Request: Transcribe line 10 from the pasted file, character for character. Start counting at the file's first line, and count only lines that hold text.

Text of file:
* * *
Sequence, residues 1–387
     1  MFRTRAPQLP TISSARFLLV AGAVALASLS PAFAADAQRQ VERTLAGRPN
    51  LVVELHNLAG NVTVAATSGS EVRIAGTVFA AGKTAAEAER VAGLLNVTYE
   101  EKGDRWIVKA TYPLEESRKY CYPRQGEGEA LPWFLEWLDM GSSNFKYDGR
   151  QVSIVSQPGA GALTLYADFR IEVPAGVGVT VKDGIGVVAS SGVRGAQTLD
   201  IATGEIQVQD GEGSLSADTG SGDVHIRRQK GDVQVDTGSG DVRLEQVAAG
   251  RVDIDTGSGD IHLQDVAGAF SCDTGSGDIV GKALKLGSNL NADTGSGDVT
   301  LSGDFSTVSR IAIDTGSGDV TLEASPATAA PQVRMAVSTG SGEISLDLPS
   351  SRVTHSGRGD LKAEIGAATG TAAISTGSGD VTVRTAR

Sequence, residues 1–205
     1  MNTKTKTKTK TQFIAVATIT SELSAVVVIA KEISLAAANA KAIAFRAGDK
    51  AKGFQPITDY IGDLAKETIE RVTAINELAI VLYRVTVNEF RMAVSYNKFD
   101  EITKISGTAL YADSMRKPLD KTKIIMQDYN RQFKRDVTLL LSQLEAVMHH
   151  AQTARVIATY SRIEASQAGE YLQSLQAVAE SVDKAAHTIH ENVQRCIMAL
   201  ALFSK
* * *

Sequence, residues 1–205